HEALTH NOTES: Helping to tackle epidemic of grief

HEALTH NOTES: Helping to tackle epidemic of grief

The UK’s leading grief charity saw calls to its helpline double during the pandemic, when an estimated 2.5 million Britons lost loved ones.

In response, Cruse Bereavement Support has introduced a live instant helpline on its website,, and increased support from trained volunteers on its social-media platforms.

Charlene Vallory, Cruse’s director of fundraising, said: ‘We’ve had to cope with isolation and not being able to say goodbye, as well as the heart-breaking disruption to funerals.

‘The UK has experienced an epidemic of grief, and with demand still rising on a daily basis it’s vital that we raise the funds to give people struggling with grief the support they need.’

The UK’s leading grief charity saw calls to its helpline double during the pandemic, when an estimated 2.5 million Britons lost loved ones (stock photo)

Calm… and self-centred 

With breathing exercises that help to tune out anxious thoughts, meditation has become popular for its stress-relieving and calming benefits.

But that same detachment also makes its advocates less generous by reducing feelings of guilt, according to University of Washington researchers.

More than 1,400 participants in a trial were asked to recall a time they had wronged someone and felt guilty, before being randomly assigned to meditate or not.

They were then asked to split a hypothetical $100 between a birthday gift for the person they wronged, a charity for African flood victims and themselves.

Participants who had meditated allocated on average 17 per cent less to the person they had wronged compared with those who had not.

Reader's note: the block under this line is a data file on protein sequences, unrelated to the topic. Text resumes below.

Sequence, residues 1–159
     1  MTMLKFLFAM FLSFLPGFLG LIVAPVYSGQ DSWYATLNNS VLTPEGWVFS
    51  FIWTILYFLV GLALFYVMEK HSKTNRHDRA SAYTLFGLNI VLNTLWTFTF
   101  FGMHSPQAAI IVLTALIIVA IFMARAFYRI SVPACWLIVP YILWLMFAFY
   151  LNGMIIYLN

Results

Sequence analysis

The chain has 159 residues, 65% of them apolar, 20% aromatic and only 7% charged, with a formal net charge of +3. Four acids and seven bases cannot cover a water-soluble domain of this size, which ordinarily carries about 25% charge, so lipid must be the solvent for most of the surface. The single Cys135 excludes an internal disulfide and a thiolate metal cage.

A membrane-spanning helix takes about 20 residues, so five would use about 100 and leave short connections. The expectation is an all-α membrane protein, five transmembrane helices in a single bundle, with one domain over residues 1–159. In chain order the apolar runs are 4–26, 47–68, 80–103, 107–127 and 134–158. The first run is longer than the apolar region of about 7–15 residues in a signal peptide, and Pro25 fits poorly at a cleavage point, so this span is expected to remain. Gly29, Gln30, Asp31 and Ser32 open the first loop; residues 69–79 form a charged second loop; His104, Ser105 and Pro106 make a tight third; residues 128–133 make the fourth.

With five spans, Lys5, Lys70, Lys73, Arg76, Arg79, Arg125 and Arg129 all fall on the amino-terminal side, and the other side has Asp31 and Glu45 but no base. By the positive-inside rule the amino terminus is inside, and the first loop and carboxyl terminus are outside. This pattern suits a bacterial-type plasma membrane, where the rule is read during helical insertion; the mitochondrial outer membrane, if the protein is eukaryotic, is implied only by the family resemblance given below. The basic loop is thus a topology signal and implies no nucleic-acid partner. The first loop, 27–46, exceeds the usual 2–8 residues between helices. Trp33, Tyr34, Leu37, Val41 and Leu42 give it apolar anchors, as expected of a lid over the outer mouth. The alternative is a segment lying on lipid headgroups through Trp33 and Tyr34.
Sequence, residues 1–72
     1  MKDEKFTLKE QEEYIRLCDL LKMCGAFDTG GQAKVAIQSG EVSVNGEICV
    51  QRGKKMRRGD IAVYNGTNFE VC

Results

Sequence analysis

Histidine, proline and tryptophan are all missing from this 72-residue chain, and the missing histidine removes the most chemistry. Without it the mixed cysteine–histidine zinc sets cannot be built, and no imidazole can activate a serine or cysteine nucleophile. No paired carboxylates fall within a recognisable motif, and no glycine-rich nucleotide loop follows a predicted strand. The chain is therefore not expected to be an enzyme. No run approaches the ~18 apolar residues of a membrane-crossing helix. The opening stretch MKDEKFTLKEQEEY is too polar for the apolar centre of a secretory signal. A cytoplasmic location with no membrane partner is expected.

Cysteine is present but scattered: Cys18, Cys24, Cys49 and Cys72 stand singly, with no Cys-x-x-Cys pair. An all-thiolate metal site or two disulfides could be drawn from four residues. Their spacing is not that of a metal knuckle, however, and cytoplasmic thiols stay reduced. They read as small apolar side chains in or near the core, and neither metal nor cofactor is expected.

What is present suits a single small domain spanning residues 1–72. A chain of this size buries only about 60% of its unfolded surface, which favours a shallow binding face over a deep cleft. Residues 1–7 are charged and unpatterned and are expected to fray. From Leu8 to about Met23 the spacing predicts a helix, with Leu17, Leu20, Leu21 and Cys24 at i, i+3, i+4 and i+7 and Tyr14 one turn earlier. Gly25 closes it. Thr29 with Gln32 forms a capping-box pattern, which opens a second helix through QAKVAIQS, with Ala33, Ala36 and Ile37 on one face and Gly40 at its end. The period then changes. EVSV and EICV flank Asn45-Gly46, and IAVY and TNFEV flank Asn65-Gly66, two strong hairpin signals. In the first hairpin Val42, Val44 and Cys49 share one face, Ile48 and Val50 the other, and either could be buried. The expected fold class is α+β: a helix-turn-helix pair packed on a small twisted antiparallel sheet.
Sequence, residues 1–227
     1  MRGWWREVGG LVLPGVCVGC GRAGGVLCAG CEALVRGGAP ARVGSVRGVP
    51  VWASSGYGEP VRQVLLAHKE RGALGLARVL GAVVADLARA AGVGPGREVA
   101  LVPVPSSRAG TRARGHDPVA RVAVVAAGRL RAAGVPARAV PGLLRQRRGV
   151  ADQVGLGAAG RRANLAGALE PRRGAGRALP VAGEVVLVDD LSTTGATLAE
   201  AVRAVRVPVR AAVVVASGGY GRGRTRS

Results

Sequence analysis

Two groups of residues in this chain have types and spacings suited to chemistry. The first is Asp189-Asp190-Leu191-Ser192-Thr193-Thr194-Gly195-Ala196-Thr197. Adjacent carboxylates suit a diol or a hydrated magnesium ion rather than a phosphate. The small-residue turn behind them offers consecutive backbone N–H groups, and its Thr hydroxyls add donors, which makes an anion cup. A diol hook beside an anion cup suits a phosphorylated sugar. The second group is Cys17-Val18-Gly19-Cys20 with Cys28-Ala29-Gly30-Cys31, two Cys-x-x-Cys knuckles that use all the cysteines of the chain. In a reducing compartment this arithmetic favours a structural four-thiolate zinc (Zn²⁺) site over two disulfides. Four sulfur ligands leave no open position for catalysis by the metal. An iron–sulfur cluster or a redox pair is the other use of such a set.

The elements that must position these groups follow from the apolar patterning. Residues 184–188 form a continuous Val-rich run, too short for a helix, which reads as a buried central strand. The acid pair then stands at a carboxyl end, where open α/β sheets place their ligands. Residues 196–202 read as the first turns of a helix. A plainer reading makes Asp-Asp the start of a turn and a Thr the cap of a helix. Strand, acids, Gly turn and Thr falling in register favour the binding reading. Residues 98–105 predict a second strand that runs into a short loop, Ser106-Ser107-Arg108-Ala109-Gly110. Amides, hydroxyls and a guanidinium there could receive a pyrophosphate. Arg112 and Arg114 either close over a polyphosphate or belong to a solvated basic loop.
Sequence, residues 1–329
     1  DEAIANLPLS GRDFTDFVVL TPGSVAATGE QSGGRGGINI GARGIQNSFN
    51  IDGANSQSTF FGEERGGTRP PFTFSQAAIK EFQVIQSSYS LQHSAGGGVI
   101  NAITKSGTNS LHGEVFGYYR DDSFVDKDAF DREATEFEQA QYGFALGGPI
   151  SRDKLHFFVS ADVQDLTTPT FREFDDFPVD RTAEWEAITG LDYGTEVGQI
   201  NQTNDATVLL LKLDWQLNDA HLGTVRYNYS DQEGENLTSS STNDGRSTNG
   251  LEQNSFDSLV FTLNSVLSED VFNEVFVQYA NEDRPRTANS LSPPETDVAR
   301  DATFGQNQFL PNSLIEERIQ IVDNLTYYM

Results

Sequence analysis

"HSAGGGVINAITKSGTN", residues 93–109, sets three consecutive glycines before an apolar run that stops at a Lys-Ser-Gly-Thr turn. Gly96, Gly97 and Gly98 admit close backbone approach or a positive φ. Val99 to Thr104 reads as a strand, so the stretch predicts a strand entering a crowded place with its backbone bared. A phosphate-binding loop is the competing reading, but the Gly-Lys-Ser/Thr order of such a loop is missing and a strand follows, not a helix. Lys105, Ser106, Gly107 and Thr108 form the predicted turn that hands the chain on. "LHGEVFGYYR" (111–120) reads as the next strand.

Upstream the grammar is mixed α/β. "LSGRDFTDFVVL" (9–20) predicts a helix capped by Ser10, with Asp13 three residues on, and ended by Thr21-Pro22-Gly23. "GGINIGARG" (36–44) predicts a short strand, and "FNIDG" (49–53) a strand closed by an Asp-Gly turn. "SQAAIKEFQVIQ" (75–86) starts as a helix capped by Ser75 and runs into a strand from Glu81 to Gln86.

‘Meditating can reduce feelings of guilt, thus limiting reactions like generosity,’ says Professor Andrew Hafenbrack, a psychologist at the university. 

More than 60 per cent of endometriosis sufferers say it is not taken seriously.

The condition can lead to intense pain in the stomach and back, as well as severe period pain, but is notoriously hard to spot.

More than three-quarters of women who live with endometriosis, where tissue similar to the lining of the womb grows in other places, such as the ovaries, fallopian tubes and even the bowels, say their concerns were dismissed at least four times by a medical professional before they were finally diagnosed.

According to Frendo, a support app that conducted the survey, almost one in ten sufferers aged between 18 and 24 sought medical advice more than ten times before the condition was spotted.

Amazonian tribes have some of the lowest rates of dementia in the world, possibly thanks to their physically active lifestyle.

In indigenous people in one part of the rainforest in Bolivia, less than one per cent of the older population suffer from the degenerative brain disease, researchers from the University of Southern California have found.

By comparison, four per cent of Britons over the age of 65 have dementia.